Irish musician Sharon Shannon has always been eager to explore new styles, and to meet and work with other musicians. She does both on her latest recording, Sacred Earth. Recently we spoke with Shannon from her home in Salthill, Galway City.
Tell us about your roots.
I am a country girl, a farmer’s daughter from Co. Clare. I have 2 sisters and one brother. We had a fantastic idyllic childhood. We had great freedom on the land…running and climbing and playing with one another and with neighbours kids and interacting with the animals. We loved training the farm dogs to do tricks. We also trained and rode horses and ponies. My father is a huge animal lover and he taught us that animals always respond better to praise and rewards, rather than brute force. This was something that he knew instinctively rather than learned from a teacher. Both my parents were always big music lovers and they instilled their great love of music in us.
When and why did you start playing music?
I started playing music when I was around 8 years old. My first instrument was the tin whistle. My parents sent my brother Garry to tin whistle lessons in the local village and he taught the rest of us at home. We used to go to local ceilis every Friday night. These ceilis were the highlight of our week. We used to dance and sometimes play in the band at the ceilis. They were really really good fun and they were our first experience of socializing and innocent childish romance. We loved every second of these ceilis and they gave us a great love of the music and the tradition.
Are they the same reasons you do it today?
Yes, I still play music because I absolutely love it. I feel extremely privileged and lucky and honoured to be able to make a living from doing something that I enjoy so much.
How have you evolved as an artist over that time?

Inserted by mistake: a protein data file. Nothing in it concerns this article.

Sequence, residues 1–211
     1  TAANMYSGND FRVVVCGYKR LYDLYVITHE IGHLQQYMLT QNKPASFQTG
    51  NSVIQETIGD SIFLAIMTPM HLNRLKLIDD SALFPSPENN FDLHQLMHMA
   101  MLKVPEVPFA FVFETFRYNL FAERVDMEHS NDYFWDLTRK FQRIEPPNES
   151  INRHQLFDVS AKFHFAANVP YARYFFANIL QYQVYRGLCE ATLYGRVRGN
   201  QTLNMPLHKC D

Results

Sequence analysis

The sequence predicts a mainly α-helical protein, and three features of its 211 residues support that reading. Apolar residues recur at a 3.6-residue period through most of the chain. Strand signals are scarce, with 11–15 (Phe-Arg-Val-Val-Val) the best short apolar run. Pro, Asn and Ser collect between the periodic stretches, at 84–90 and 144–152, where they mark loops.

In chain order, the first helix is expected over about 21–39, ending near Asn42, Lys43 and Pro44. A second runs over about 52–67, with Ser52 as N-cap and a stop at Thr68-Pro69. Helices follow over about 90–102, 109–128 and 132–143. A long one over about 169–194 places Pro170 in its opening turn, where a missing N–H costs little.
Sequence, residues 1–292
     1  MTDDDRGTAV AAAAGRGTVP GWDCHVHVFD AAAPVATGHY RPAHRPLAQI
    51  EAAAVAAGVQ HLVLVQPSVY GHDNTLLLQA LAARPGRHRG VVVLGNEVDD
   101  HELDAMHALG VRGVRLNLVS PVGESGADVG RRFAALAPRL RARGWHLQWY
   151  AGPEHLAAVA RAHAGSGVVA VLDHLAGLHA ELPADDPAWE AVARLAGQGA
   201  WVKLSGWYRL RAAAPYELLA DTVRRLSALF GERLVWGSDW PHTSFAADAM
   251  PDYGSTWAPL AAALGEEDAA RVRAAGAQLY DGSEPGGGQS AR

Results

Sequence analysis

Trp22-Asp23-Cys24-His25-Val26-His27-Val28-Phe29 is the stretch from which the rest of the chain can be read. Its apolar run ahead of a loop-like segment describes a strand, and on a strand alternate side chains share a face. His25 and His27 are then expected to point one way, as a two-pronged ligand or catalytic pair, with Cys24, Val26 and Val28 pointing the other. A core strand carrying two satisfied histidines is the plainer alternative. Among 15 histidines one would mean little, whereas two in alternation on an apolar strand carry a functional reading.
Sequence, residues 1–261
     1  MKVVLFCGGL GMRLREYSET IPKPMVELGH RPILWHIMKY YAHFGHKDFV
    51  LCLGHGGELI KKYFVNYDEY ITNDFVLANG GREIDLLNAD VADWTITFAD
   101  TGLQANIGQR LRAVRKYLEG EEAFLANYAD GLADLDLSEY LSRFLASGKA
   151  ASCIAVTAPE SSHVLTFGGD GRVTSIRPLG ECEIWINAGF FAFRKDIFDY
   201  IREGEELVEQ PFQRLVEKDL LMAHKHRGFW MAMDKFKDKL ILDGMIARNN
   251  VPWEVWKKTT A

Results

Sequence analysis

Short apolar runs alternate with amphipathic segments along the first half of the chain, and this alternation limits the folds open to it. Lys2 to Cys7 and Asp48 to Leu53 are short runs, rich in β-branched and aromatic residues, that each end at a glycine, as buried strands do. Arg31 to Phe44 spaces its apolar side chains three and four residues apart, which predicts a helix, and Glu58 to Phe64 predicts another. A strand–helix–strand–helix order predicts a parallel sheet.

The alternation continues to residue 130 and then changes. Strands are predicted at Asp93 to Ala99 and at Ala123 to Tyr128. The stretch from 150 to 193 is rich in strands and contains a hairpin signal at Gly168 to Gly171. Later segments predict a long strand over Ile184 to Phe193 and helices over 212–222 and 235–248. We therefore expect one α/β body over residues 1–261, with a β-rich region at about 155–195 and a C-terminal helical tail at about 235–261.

Public speaking has always terrified me and I often clam up and become tongue tied, especially if I have to do a TV interview. But as the years go by I am getting better at it, especially at my own live gigs. If the speaking aspect of a gig happens to go well and I have some good fun and banter with an audience, I get a great kick out of it. It’s a difficult hurdle to get over, but thankfully I’m a lot better at it than I used to be. I have also learned a lot about the recording process and I enjoy it a lot.
What are the challenges of the vocation?
Being away from my loved ones and my dogs and cats. I miss them all desperately when I’m away. It breaks my heart to see their little sad faces watching me leave with my bags. It’s so trouble not being able to ensure them that I’ll definitely be back. They have no concept of time and a few days to them is probably like weeks and weeks for us. Touring and constant traveling can be very unsettling and exhausting, and not having a regular lifestyle and can wreck people’s heads sometimes.
What are the rewards of the vocation?
To be self employed is a great reward for me. It’s also an amazing thing to get to travel and see some of the most beautiful places in the world and meet lots fascinating people. It is a great pleasure and honour to get to play at all the great festivals and meet up and play and socialize with several great friends and musicians and to actually get paid to do that. I do this so often, sometimes I forget how lucky I am, and then I remind myself that I’m living a life that most people can only dream of. There are so many huge rewards, and I’m so grateful for them all. To be calling it ‘work’ is often an in-joke among musicians.
How would you describe your sound today?